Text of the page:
“Cogito ergo sum”


Philosopher Descartes


“I think, therefore I am”   Rene Descartes,  Principles of Philosophy, 1644


It was April 1757.  Overseers at the Darby Meeting of Friends entered a complaint against me for not believing in Christ as the Son of God.  After 13 months of discussion, I was formally disowned.

I was excommunicated for my heresy.  I was thrown out of the membership of Friends in which I had been raised.  I was 59 years old. 

I’ve spent my life passionately dedicated to the belief that God is visible in all we see.  His power is transcendent in his creation and doesn’t require the existence of a junior or a ghostly version. 

Jeffersonian Bible Clippings

I subscribe to Mr. Jefferson’s vision as eventually composited and published as “The Life and Morals of Jesus of Nazareth.”  My Friends and family took great exception.  They reached their consensus without consulting my own “Observations” 

I was too much noticed in our society.  I had a wide range of notable other friends not within the inner circle of my meeting’s powers.  My sociable ways and my outspoken views were held up against a model of orthodoxy and found severely wanting.  Independence of thought and originality of spirit was too challenging for the group seeking to preserve Penn’s Legacy.

That word—Legacy!—flew into the proceedings like an evil black-winged bird.  I was a challenge to the Legacy of our community. 

I live my life in my garden.  My garden in its entirety includes as many plants as ideas.  Corresponding as I do with some of the world’s most recognized specialists in Botany, Philosophy, Medicine, and Geology, I can respond to these smaller minds with demonstrated facts.  I am not bound by dogma and supernatural effects.  My library has several dozens books!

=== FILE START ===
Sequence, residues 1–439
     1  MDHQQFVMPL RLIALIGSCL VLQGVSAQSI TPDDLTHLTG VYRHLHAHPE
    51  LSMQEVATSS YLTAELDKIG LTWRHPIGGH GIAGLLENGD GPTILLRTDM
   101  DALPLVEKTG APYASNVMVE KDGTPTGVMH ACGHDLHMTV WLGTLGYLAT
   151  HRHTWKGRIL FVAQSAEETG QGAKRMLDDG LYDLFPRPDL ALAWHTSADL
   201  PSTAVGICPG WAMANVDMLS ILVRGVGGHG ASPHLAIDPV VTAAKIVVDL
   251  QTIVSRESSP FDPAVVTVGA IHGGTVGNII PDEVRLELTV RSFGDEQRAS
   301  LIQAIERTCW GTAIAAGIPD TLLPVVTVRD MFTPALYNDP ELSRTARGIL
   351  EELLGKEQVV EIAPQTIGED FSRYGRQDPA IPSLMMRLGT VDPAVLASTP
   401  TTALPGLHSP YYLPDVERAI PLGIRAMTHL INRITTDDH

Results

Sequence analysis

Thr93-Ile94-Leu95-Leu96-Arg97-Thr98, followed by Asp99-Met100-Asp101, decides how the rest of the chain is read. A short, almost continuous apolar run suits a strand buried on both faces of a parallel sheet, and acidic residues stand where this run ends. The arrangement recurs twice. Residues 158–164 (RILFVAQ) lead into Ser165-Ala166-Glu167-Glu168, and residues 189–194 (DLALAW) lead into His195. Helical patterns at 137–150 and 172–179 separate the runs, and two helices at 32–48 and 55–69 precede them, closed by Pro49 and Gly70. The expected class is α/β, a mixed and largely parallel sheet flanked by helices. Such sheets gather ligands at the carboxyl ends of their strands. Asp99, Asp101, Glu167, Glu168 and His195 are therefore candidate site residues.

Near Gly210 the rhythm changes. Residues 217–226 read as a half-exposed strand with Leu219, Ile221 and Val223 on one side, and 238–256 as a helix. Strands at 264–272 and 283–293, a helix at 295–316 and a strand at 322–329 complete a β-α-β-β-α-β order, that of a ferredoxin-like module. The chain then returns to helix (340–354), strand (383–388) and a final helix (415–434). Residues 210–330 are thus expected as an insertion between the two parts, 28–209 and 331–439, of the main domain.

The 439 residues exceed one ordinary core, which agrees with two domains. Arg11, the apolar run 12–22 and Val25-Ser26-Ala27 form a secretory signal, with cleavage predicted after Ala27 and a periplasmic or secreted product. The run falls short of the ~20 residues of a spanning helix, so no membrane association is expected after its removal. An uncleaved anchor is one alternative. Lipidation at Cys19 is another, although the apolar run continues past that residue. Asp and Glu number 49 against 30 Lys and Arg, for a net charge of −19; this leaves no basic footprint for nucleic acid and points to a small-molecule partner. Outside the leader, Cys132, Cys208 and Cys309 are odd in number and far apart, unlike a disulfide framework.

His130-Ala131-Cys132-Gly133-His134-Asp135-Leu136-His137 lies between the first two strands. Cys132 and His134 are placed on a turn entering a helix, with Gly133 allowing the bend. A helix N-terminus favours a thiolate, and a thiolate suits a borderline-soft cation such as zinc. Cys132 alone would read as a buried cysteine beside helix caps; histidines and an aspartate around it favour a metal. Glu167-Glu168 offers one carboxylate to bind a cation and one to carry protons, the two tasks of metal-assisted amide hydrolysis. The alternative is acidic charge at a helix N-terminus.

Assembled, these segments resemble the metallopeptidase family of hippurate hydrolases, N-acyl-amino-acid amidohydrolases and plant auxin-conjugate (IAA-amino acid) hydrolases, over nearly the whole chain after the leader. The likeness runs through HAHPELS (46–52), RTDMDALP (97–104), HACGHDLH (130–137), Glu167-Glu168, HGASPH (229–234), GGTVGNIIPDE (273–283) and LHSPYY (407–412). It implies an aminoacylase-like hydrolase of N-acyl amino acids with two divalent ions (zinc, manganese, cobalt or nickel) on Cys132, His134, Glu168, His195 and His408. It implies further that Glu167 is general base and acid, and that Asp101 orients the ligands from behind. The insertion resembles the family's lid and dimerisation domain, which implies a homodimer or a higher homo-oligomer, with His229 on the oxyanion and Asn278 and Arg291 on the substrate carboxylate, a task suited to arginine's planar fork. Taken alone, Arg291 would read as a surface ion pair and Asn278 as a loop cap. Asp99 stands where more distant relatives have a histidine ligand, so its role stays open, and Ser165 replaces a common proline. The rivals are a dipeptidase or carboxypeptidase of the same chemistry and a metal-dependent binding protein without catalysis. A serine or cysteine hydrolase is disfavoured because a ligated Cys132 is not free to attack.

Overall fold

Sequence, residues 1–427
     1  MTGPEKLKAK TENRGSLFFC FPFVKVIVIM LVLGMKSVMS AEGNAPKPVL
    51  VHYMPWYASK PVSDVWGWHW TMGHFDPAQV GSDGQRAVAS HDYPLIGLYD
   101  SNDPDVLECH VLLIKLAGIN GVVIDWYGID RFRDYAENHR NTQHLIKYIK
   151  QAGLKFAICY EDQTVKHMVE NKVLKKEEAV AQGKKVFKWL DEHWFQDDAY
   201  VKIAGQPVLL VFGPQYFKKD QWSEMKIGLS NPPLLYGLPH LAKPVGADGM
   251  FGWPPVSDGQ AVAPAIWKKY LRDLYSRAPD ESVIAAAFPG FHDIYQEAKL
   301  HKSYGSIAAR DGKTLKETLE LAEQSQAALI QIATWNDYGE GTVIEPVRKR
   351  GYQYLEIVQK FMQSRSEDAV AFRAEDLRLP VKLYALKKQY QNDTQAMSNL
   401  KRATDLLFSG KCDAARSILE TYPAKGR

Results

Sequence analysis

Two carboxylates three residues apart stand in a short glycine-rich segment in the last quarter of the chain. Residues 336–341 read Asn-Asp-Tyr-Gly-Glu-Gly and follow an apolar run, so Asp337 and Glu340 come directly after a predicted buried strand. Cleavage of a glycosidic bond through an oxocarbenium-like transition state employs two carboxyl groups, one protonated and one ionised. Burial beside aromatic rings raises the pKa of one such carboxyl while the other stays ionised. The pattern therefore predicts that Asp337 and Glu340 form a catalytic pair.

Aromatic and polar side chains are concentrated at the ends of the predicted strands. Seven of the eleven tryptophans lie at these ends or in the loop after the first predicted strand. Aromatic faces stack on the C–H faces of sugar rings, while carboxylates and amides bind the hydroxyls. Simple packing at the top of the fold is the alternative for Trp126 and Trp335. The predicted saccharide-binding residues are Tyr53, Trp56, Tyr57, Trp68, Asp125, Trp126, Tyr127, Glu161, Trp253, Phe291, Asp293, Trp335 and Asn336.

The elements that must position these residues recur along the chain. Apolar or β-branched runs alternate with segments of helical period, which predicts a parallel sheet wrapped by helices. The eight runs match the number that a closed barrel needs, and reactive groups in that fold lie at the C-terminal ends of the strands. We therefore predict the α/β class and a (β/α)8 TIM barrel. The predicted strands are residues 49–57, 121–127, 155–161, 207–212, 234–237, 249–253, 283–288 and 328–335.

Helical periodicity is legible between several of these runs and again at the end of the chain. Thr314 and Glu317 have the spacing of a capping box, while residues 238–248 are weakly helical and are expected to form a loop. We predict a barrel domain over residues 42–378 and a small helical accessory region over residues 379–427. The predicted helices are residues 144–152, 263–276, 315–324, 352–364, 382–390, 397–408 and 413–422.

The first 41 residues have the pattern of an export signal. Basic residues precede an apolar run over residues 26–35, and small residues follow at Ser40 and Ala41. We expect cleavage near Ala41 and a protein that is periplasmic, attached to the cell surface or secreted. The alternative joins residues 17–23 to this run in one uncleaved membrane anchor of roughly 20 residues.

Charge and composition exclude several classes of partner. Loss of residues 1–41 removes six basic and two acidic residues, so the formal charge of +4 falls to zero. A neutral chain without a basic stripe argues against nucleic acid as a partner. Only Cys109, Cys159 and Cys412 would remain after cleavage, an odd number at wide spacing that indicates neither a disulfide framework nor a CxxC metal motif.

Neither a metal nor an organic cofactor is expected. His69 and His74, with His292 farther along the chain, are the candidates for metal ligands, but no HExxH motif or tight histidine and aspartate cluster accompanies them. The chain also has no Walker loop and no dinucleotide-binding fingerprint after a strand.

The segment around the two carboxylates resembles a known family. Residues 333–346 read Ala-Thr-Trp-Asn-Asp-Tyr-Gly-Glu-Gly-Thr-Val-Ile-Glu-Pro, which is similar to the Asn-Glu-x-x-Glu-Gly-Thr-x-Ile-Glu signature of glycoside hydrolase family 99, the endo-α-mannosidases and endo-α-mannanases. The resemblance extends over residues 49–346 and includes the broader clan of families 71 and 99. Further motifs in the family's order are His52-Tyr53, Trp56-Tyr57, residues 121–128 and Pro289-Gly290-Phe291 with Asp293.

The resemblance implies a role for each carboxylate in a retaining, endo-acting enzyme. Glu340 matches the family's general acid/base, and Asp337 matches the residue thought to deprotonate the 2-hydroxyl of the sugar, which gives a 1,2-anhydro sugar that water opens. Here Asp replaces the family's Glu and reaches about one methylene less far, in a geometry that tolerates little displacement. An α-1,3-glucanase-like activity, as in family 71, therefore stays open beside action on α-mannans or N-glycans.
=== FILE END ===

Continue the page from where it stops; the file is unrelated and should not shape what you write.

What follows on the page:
Mr. Thomas Jefferson John Bartram Friend

Mr. Thomas Jefferson from life


“I cannot live without books!”  Thomas Jefferson.


When I am out in nature, I commune with my God.  His creation has been perfectly and beautifully defined by the new system of Latin nomenclature identified by Carl Linnaeus in his Systema Naturae of 1735.  I regularly correspond with Mr. Linnaeus.  His system defines the world of plants by counting the number of stamens and pistils.  He defines God’s naturally ordered world by an exacting description of a plant’s reproductive parts.

The mere thought was anathema for certain members of my community of Friends.  The smaller the reproductive parts, the smaller the mind.

So I am left outside.  I am officially unorthodox.  I think mostly because I am reputably social and recognizably honest in observation.  I compel recognition that God is alone and to be seen in all things.  My wonderful garden is full of His botany.  Stamens, pistils, genera, species, seeds and selections are all to be understood by His science. 

I exist in the world and God has created it after his singular image.  My plants are found in His nature and live to procreate with his sufferance. 

Over these many intervening years, I have moved beyond my Friends at meeting.  The world changes on a moment to moment basis.  Nothing is immutable.  The variety of shades of green in my world doesn’t discourage me from continuing the search for new, different, unusual, better.  I am caught up in nature’s drama and can’t be concerned with the distractions of those that must define it as tragedy or comedy.

I am officially out of meeting but I am now in attendance of God’s natural world.  I worship in the wild.  I can sing now in the country and shout to the heavens without fear of retribution.  The world is GREEN and I cannot be a happier, God-fearing member of that world than I am.  Let the rest contemplate damnation.

John Bartram in an English-style landscape that utilized all of the plants that he'd introduced to England.

John always finds it odd that "English-style" landscapes in this country utilize almost all of the trees that he introduced to England.

3 responses

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